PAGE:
3. Common Choking Hazards: The article lists common choking hazards, including latex balloons, balls, marbles, coins, disc batteries, small toys, caps, safety pins, and certain foods like hot dogs, hard candy, grapes, nuts, raw carrots, apples, marshmallows, popcorn, and peanut butter. It mentions that approximately 60% of non-fatal choking hazards are caused by food items that can be compressed to fit the size of the airway.

  4. What to Do If Someone Is Choking: The article provides guidance on what to do if someone is choking. It suggests determining whether the person can talk or clear their airway on their own. If they can, it is advised to let them do so. However, if the person cannot speak or breathe, the Heimlich maneuver is recommended. The article provides step-by-step instructions on how to perform the Heimlich maneuver. It also mentions that if the object is not expelled and the person loses consciousness, CPR should be initiated.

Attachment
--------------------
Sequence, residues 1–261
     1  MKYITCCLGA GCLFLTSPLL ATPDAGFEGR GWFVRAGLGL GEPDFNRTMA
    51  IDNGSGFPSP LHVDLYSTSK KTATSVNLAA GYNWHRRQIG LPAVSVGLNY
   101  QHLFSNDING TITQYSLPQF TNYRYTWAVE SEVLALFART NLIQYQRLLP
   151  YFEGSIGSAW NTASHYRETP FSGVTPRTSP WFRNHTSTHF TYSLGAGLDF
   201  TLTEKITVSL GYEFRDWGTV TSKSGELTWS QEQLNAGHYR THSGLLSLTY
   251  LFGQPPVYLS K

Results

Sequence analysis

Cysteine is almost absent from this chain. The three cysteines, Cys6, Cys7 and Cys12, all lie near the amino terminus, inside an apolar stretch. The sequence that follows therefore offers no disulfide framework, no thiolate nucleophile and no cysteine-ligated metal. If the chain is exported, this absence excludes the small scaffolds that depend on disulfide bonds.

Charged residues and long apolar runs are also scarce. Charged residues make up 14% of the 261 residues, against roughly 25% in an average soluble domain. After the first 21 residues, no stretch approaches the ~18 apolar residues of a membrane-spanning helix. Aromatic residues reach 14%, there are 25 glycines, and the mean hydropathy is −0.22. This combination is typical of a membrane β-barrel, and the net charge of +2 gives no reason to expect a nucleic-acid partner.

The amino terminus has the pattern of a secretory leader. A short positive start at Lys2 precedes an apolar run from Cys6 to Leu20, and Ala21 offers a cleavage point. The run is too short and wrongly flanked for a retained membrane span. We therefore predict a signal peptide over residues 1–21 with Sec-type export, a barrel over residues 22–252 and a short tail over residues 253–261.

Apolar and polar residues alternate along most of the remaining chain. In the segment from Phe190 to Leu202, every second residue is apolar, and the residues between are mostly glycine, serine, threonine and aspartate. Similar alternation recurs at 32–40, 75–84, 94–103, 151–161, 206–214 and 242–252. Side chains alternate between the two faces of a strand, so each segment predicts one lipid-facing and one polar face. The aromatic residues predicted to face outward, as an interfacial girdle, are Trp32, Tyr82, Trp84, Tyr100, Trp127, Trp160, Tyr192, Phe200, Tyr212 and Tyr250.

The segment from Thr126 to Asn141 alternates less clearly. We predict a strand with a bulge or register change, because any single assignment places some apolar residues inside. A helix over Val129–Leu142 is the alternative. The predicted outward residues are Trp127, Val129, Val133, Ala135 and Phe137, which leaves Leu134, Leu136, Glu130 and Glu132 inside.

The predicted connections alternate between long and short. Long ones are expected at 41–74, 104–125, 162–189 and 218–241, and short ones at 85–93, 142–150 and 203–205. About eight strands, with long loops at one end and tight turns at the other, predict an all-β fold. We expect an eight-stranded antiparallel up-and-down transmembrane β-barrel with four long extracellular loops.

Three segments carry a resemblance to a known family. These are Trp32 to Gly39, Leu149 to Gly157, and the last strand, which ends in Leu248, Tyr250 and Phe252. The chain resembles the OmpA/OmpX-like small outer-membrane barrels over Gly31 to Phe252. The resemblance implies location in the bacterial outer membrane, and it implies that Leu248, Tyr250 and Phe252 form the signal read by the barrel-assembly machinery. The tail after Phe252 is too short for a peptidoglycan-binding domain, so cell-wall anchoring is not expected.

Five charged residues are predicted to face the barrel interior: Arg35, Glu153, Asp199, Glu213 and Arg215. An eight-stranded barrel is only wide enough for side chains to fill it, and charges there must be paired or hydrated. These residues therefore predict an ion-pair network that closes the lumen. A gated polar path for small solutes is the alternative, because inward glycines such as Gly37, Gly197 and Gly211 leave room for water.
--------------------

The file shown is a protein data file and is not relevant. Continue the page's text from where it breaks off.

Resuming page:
5. After Effects of Choking: The article advises seeking medical attention following a choking incident, as there can be potential problems afterward, such as a persistent cough, fever, trouble breathing, and trouble swallowing, which may indicate that an object entered the lung.

  6. Signs of Choking: The article describes the signs of choking, including inability to speak, difficulty breathing, high-pitched sounds while trying to get air, weak or absent coughing, and skin turning blue.

These are the main concepts covered in the article you provided. I can provide more specific information on any of these topics or answer any related questions you may have.

Are You Prepared to Prevent and Treat Choking? (2024)